ST. LOUIS — Missouri's middle schoolers are on an educational upswing, improving both their math and reading scores in the state's public schools, according to standardized test data released Friday.
Other findings from the Missouri Assessment Program data were mixed. More districts and schools did not meet "adequate yearly progress" goals, though state education officials said that was because requirements were more stringent under federal law.
There was also a decline in scores at the elementary school level from 2007 to 2008.
For instance, there was a 2.8 percent decrease in the number of third-graders who scored at proficient or advanced MAP levels in communication arts. The number of third-graders who were proficient or advanced in math had dropped 1.5 percent.
Missouri's Commissioner of Education Kent King said the Department of Elementary and Secondary Education was especially pleased with the results from sixth-, seventh- and eighth-graders.
"The percentage of students who scored at the proficient or advanced levels increased significantly in both communication arts and math. We had seen little or no movement in the scores for these grade levels in recent years, so this is an encouraging sign," he said in a statement.
It's not easy to say why middle school scores have gone up, said Stan Johnson, an assistant commissioner with the Department of Elementary and Secondary Education. "We're still trying to analyze this ourselves," hesaid.
He said elementary students are taking more MAP tests than they used to. Beginning in 2006, Missouri's third- to eighth-graders have taken MAP tests each year. More testing data helped to show what skills students had learned, what needed work and helped educators better align curriculums.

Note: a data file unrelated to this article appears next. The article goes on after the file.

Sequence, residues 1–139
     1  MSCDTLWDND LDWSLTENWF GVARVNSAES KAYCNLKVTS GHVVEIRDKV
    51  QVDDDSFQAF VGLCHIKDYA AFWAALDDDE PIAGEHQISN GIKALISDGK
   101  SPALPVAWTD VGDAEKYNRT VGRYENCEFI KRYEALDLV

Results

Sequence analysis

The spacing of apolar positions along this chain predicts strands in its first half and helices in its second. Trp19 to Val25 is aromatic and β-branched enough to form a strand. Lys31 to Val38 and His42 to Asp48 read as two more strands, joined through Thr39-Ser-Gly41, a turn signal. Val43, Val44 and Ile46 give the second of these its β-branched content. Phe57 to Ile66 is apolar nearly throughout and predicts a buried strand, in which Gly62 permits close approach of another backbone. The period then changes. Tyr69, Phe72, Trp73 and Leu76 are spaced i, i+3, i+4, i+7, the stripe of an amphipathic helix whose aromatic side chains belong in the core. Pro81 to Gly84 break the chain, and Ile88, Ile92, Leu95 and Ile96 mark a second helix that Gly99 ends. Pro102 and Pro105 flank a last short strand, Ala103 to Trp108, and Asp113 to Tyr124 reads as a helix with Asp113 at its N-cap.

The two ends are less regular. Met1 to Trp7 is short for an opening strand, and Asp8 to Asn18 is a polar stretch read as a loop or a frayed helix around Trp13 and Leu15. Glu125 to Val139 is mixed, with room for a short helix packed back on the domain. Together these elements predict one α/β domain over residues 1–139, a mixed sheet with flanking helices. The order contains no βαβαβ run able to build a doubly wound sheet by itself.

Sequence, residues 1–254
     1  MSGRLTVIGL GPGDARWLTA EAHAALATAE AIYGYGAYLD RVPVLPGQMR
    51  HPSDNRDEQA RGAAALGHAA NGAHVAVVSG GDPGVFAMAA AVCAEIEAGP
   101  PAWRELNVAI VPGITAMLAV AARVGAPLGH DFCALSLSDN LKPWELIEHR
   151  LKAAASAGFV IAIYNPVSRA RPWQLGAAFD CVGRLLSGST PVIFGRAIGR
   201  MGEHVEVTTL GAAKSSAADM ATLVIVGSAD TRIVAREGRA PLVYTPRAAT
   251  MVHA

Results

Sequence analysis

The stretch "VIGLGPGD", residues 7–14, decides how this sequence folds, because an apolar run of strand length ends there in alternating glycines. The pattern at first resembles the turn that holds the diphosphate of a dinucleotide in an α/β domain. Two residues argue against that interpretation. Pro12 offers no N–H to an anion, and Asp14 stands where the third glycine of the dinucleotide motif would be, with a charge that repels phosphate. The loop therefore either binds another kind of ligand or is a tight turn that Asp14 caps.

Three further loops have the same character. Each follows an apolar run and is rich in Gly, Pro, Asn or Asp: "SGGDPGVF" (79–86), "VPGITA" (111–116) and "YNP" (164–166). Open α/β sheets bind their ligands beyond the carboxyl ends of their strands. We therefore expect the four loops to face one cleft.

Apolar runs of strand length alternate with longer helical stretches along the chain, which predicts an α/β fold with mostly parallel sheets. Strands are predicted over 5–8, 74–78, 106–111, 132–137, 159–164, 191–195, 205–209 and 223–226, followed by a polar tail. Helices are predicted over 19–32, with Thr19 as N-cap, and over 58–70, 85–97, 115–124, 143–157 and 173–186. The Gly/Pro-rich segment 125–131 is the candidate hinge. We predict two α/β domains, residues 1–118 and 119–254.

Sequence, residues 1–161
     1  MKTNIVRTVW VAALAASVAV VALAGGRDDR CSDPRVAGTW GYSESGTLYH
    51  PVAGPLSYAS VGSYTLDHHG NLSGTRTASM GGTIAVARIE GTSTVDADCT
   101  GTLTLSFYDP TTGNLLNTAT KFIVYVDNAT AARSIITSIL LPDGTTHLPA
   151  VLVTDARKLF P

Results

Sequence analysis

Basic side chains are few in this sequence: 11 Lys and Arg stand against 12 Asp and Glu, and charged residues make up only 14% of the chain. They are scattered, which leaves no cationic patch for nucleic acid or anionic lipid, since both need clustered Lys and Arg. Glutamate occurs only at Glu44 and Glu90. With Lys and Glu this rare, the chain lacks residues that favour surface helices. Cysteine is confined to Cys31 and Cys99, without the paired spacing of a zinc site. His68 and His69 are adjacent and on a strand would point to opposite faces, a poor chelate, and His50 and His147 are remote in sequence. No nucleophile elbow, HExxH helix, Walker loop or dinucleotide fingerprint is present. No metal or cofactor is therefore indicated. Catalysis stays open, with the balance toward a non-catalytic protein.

Education officials also highlighted an increase in the percentage of 10th-grade students who scored at the proficient or advanced levels on the math exam.
All public school third- to eighth-graders took the MAP tests in communication arts and math in the spring. A math exam also was given to 10th-graders, and a communication arts exam to those in 11th grade.
Test results are used by the state to evaluate public schools for accreditation and to satisfy the accountability requirements of the federal No Child Left Behind law.
The state said only one-fourth of the school districts and about 40 percent of schools met proficiency targets for adequate yearly progress, a measure known as AYP. States are required to set targets that become progressively more difficult.
This year, 51 percent of all students had to score at the proficient level or higher for a school to meet the AYP target in communication arts. For mathematics, the target was 45 percent, the state said.
Carter Ward, the executive director of the Missouri School Boards' Association, called for changes to the No Child Left Behind Law, saying the current law unfairly labels many schools doing well at educating students.
"Because of the way adequate yearly progress is calculated, we are on an inevitable march toward including nearly every school and school district on the state in the ‘needs improvement' list," Ward said.